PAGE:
What is my point in all of this?
It is simply to remind us that narcissism was not an attitude that began with the emergence of Greek mythology. Actually, it finds its origins in heaven when Lucifer was so in love with himself that he desired to be like the Most High God and ended up getting kicked out of heaven. Sadly, his selfishness has not waned, but has grown into something that attracts human beings all across the world. It is the very same attitude that Eve displayed as she was tempted to follow her flesh and, as we know from Scripture, caved into the temptation and dragged her husband down with her. Please understand this: your sin will never only affect you.
There is a selfish desire ingrained within each of us as a result of the fall of man in the Garden. The only remedy for the fall of man is the death of Jesus Christ. His shed blood is what reverses the curse. The First Adam messed up really badly, but the Second Adam brought redemption from sin and eternal life. The First Adam brought a curse, even death, through his disobedience (along with his wife), but the Second Adam brought hope and forgiveness through faith in him.
Throughout the course of human history, mankind has not improved nor proven himself to be capable of reversing the curse. In fact, his works only push him further away. But I am glad to say that there are arms that reach farther than he is able to run. Just as Adam and Eve found forgiveness from the Lord for their transgression, so can everyone who has ever taken a breath on this earth. We never read anywhere in the Word of God that Adam and Eve did community service to work off their punishment, but we do read over and over of how God intervened in time with eternity and he bridged the gap between himself and mankind with the cross.
The age-old problem is that mankind is inherently wicked based on his sin nature, but the cure is not found in a man earning favor with God; the cure is a person named Jesus Christ and his gift of grace. The only remedy for the selfishness of sinful man is the sacrifice of a perfect Savior. The news that people need to hear now is no different than it has ever been: a loving God wants to bring sinful man to himself.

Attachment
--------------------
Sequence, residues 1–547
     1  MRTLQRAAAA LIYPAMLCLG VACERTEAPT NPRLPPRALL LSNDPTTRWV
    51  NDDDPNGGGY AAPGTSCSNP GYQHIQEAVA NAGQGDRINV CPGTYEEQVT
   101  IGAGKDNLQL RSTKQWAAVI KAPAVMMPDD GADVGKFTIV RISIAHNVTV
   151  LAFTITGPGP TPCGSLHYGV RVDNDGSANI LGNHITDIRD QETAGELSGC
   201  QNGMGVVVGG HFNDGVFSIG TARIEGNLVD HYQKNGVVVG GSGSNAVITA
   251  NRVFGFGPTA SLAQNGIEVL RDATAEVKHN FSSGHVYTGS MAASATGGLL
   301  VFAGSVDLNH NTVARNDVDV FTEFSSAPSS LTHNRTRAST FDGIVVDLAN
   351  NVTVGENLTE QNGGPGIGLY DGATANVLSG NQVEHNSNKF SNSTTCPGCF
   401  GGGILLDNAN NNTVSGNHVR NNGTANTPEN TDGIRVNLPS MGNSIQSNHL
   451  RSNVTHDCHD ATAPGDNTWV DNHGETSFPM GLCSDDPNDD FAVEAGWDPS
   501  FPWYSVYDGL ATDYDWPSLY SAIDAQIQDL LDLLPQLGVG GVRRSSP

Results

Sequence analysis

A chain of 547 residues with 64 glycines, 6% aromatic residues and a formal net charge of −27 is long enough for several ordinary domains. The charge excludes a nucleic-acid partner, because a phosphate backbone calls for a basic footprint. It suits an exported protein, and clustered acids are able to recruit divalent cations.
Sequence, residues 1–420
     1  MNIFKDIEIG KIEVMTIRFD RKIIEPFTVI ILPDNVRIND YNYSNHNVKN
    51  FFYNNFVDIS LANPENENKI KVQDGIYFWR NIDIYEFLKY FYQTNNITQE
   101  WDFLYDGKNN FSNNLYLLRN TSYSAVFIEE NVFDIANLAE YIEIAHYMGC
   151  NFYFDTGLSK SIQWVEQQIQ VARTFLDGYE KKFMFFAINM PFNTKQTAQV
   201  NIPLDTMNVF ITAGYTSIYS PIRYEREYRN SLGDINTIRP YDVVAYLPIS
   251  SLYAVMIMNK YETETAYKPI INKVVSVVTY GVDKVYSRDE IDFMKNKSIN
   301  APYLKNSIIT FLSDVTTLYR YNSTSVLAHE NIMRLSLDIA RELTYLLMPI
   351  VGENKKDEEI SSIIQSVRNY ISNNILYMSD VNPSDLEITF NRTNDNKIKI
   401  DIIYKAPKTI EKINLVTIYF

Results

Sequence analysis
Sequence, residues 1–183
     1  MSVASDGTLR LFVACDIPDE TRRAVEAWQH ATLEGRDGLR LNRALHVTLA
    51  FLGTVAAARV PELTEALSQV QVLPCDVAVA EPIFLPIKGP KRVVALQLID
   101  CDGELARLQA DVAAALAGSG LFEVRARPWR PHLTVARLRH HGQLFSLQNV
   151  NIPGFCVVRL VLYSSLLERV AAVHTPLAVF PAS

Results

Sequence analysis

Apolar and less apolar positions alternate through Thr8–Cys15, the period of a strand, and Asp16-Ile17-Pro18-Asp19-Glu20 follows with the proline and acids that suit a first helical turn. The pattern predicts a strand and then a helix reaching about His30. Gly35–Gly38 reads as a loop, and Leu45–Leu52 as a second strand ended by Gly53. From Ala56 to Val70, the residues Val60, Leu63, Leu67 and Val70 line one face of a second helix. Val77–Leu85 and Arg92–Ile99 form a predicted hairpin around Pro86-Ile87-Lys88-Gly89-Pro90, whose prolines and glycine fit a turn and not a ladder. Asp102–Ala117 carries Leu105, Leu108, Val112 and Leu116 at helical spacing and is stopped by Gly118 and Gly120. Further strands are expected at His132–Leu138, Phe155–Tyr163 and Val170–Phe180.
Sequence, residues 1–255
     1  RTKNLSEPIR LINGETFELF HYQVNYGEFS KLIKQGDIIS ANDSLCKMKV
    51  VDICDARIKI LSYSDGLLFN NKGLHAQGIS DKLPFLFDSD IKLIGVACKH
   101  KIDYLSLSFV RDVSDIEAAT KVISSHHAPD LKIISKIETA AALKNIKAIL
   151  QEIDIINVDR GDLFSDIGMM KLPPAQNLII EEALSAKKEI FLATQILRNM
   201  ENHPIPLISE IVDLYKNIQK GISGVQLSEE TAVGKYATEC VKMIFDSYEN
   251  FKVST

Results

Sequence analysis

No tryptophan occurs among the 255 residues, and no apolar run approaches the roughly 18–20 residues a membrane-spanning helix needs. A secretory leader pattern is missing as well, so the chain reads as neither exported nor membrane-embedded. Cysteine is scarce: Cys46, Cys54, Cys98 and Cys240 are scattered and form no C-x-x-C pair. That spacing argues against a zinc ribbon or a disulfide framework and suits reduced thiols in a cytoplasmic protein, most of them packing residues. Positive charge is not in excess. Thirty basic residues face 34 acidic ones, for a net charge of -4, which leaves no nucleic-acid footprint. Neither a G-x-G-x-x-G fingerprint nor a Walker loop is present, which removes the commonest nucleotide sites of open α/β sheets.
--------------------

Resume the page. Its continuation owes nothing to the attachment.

John Mallonee is the Senior Pastor of Blessed Hope Bible Church in Liverpool, PA. Called to this ministry in 2012, he also networks with the American Pastors Network, and serves in a leadership role as a millennial pastor. John has worked on the board of the millennial pastor initiative alongside Statistician George Barna, Tim Barton, President of WallBuiders, Honorable Sam Rohrer (President of APN), and others. He has a Bachelor of Ministry (B. Min.), a Master of Theology (Th. M.), and a Doctor of Theology (Th. D.) from the College of the Open Bible and Theological Seminary, Greenville, SC. John is a published author and currently writes a daily online and print devotional. In addition to writing, he also produces a weekly radio spot, Weekend Devotion. John and his wife Rebekah have four children: Rachel, Hannah, Isaiah, and Sarah Beth. The family currently resides in Newport, PA and is actively involved in their community. You can follow John on Twitter at @soul_dr1982 or visit his website: https://www.johnmallonee.org/.